Russia's energy minister played down the prospect of any increase in oil exports to Asia before new Siberian fields come on stream, as state oil company Rosneft said it had advanced a plan to increase supplies to China.
Russia, the world's largest producer of crude oil, will not boost exports to Asia at the expense of other export flows, Russia's Energy Minister Alexander Novak said.
Earlier Rosneft Chief Executive Igor Sechin had completed a visit to China, resulting in what a company spokeswoman said was a mutual understanding about increasing oil supplies.
Rosneft helped lead Russia's oil industry into Asia in the last decade with the launch of the remote Arctic Vankor field, now pumping over 400,000 barrels a day, and a loans-for-oil deal with China which helped finance construction of a pipeline.
Vankor is now in the final stage of ramp-up to peak capacity. In order to supply China and other Asian customers with new oil, Rosneft must bring on line more eastern fields which can be linked to the East Siberia-Pacific Ocean pipeline.
"Output will stay at about 505 to 510 million tons per year according to our strategy," Novak was quoted as saying in a transcript of an interview provided by Russia Today English language television channel.
"And for now one cannot say that we will be redirecting some additional resources to the far East," Novak said.
"We will look at increasing export flows only when we launch such projects as Yurubcheno-Tokhomskoye field … Kuyumbinskoye field … and so on," Novak added, listing fields in eastern Siberia due for launch after the middle of the decade.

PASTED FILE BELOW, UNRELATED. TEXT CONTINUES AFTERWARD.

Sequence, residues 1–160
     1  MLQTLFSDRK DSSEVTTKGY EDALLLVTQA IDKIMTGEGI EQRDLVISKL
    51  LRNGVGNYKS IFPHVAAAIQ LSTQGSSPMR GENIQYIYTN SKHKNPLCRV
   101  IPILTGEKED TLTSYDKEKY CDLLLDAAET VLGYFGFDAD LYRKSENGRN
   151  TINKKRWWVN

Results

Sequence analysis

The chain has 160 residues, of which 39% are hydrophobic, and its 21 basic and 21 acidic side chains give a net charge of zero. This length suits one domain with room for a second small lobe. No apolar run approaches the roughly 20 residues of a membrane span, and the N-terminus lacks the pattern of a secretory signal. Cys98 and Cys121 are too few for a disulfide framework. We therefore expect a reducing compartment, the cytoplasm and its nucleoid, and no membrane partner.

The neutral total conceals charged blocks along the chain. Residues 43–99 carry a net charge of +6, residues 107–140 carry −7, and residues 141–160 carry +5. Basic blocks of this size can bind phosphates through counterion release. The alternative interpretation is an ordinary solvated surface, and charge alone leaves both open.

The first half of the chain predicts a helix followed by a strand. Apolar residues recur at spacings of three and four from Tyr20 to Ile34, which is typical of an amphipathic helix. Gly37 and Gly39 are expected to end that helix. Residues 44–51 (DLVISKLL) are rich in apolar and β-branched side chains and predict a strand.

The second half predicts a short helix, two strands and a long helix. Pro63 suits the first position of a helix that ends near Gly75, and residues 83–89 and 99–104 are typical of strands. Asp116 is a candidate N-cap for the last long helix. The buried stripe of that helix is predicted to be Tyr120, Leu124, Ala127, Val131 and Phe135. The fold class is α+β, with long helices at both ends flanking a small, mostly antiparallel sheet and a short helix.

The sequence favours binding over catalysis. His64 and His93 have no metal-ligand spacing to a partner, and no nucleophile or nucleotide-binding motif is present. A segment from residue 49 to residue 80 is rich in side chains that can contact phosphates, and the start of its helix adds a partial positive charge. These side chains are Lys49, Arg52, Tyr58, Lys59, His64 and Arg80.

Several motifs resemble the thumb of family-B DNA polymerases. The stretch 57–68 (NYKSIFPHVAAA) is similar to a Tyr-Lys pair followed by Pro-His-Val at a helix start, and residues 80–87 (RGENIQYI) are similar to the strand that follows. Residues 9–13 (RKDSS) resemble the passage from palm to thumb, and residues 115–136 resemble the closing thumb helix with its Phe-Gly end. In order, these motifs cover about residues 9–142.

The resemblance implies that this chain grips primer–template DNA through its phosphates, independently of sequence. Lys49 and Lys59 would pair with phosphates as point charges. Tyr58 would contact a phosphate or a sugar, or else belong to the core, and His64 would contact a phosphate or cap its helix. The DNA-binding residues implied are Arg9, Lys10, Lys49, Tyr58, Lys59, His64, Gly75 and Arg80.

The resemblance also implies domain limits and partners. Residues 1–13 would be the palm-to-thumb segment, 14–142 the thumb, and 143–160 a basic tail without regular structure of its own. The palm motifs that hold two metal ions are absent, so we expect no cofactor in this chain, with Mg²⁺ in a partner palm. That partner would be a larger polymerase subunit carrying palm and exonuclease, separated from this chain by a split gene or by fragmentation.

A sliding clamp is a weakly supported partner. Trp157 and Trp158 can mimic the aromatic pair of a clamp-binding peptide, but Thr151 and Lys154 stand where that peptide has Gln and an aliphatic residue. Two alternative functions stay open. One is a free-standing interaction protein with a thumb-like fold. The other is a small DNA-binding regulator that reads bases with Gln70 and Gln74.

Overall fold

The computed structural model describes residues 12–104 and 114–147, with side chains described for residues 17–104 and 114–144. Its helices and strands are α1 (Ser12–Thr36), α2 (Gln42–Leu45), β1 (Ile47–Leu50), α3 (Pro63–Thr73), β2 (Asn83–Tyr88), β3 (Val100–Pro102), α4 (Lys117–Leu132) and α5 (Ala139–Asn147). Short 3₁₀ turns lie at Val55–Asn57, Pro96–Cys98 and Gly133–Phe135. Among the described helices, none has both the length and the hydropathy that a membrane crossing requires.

Last week, industry sources told Reuters that Rosneft could double oil supplies to China from the current level of 300,000 barrels per day, which would make Beijing the largest consumer of Russian oil, possibly in return for a loan.
Rosneft denied it was in talks for a loan.
During his visit to China, in recent years the world's fastest-growing energy consumer, Sechin offered to increase oil supplies and proposed that Chinese firms take part in an ambitious project to develop offshore oil and gas, estimated at 100 billion tons of oil equivalent, in Russia.
Rosneft also said Sechin would discuss offshore projects with companies in Japan, his next destination after China on a tour or Asian centers.
Russia, the world's top crude producer, will need hundreds of billions of dollars to unlock the potential of the Arctic. It has been seeking partnerships with overseas companies for expertise and finance and has already signed deals with Exxon Mobil, Statoil and Eni.
Rosneft held talks with Japanese companies including Marubeni in 2011 on a potential partnership to develop offshore oilfields in the Sea of Okhotsk, but no agreement was reached.
Russian President Vladimir Putin has urged energy companies to look east, in particular on the gas side, and ordered a rethink of Russia's gas export strategy to reduce dependence on weak European markets while developing liquefied natural gas (LNG) capacity.
Only Rosneft and Gazprom, both state-owned, have exclusive access to Russian undersea mineral resources.
Rosneft may also chip in to feed Japan with frozen gas, albeit in the more distant future, as it mulls possibly building its own LNG plant on the Pacific island of Sakhalin, where it already pumps oil in partnership with the U.S. major ExxonMobil and Japan's Sodeco.